There is a big focus in the evaluation field around the use of data visualizations to make reports more interesting and understandable for stakeholders. These are just a few of the many resources available to help evaluators reframe how they think about and visualize data.
This topical interest group (TIG) is a great place to learn more about data visualization and reporting. The TIG’s website provides evaluators with links to lots of useful resources such as blogs posts, presentations, webinars, eStudies, online software tools, data visualizations examples, and much more!
Ann K. Emery’s website provides blog posts, tools, video tutorials, and Excel tips for creating visualizations. This site also includes a chart-choosing tool, which allows evaluators to look at resources, tutorials, and examples by chart type.
Stephanie Evergreen’s blog shares a wide range of tips, advice, how-to’s, and illustrative examples of data visualizations. The site also has information about her two books Effective Data Visualization and Presenting Data Effectively.
The Data Visualization Checklist, created by Stephanie Evergreen and Ann K. Emery, is a tool to guide the development of high impact data visualizations. The checklist is based on best practices and tested against the practical day-to-day realities of evaluation practice and the pragmatic needs of evaluation stakeholders. The checklist includes guidelines related to text, colors, lines, arrangement of graphic elements, and overall design.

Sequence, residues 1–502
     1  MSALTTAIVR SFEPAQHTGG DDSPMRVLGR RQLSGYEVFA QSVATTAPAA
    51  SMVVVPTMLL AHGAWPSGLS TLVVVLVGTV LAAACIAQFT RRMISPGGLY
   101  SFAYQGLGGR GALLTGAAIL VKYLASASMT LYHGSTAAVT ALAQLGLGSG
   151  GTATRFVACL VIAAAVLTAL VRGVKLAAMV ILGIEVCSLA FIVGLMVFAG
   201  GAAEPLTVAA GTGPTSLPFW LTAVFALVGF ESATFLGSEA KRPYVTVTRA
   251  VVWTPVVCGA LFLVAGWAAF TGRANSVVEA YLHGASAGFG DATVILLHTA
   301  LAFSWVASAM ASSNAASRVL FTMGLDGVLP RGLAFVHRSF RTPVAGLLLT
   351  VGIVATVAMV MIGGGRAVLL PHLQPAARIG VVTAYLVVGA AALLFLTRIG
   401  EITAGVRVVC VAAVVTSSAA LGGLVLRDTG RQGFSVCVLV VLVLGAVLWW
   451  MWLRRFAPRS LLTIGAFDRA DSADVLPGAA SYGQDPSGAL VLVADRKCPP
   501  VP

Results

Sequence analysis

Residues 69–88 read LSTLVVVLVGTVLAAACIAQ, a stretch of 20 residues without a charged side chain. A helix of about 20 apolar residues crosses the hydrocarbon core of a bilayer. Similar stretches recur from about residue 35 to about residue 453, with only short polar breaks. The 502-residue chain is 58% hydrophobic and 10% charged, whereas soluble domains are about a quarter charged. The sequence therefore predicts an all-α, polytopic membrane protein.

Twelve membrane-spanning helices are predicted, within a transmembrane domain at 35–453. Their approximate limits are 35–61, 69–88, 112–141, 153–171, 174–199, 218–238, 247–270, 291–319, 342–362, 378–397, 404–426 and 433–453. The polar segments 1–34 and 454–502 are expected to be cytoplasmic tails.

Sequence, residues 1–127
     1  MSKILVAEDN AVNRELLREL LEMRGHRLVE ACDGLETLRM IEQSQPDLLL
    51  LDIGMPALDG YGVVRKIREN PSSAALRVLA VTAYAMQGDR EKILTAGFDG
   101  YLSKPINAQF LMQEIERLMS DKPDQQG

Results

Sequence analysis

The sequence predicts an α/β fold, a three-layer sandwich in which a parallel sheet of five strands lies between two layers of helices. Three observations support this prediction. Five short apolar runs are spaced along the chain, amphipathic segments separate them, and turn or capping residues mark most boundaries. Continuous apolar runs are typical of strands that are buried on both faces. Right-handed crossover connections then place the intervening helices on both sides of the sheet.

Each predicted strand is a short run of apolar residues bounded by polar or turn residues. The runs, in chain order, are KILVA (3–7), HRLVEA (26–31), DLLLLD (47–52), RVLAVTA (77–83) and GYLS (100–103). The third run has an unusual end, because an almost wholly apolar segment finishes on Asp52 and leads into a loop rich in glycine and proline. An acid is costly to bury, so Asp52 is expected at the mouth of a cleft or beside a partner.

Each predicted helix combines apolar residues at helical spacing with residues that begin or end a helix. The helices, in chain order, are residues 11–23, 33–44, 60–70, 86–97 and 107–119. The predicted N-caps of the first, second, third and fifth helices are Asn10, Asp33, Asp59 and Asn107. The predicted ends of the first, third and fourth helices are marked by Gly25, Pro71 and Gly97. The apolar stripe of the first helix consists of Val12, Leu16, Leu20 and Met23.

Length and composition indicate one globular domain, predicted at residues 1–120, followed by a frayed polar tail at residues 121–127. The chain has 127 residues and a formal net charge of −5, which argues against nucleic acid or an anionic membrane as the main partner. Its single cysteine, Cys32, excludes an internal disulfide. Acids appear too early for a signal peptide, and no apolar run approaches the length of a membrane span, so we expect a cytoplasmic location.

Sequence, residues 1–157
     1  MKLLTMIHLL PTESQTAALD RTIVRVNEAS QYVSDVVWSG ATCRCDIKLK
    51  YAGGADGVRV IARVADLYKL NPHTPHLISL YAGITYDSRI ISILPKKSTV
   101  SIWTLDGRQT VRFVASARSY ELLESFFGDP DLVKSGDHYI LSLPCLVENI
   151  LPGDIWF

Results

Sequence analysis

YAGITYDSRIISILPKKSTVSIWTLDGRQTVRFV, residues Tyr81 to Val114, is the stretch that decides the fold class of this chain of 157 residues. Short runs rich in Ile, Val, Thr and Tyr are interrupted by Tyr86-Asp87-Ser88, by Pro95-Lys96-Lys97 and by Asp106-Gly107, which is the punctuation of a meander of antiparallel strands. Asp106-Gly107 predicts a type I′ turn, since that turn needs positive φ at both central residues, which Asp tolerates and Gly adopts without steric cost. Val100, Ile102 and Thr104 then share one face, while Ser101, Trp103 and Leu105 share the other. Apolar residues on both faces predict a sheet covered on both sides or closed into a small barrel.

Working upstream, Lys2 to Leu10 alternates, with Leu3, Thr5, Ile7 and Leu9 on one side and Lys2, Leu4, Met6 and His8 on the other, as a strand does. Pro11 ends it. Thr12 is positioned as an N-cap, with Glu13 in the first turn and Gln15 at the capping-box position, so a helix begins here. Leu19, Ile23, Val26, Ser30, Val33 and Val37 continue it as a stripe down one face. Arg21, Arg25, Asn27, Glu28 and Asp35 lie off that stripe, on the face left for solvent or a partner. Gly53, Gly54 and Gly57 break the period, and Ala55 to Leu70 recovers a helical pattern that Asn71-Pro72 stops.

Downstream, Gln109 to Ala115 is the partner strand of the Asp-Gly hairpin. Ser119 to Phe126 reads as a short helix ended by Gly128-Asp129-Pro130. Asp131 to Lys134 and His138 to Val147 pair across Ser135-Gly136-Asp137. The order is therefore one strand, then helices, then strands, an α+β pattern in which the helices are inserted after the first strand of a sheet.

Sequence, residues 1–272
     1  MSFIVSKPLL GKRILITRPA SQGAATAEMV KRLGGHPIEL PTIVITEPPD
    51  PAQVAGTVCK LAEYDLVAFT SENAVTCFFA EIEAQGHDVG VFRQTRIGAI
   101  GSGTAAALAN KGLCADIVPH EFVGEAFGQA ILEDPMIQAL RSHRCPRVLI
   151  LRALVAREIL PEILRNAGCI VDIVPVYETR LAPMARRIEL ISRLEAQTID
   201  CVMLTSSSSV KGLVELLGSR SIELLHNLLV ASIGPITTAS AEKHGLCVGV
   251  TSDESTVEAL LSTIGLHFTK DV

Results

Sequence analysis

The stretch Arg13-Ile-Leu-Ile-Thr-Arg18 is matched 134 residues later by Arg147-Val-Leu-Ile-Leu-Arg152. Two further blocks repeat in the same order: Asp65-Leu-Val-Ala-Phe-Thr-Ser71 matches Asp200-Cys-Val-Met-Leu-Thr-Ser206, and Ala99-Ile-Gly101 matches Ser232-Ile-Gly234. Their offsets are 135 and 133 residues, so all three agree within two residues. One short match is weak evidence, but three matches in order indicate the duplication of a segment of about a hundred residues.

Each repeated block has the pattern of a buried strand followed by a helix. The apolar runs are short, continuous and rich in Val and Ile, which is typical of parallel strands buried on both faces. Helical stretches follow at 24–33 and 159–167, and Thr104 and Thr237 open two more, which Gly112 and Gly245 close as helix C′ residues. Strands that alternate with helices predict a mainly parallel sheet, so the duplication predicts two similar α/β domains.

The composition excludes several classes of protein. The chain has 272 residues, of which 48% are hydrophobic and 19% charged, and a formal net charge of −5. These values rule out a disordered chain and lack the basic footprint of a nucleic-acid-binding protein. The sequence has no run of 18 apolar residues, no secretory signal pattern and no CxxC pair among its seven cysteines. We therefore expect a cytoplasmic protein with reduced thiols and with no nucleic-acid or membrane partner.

In 2013, the American Evaluation Association published two special issues of New Directions for Evaluation on data visualization and evaluation. Part 1 introduces recent developments in the quantitative and qualitative data visualization field and provides a historical perspective on data visualization, its potential role in evaluation practice, and future directions. Part 2 delivers concrete suggestions for optimally using data visualization in evaluation, as well as suggestions for best practices in data visualization design.
In this blog post, Expose Your Museum’s Kathleen Livingston shares how staff at the Denver Museum of Nature and Science created bite sized video reports to share key findings with internal staff and stakeholders.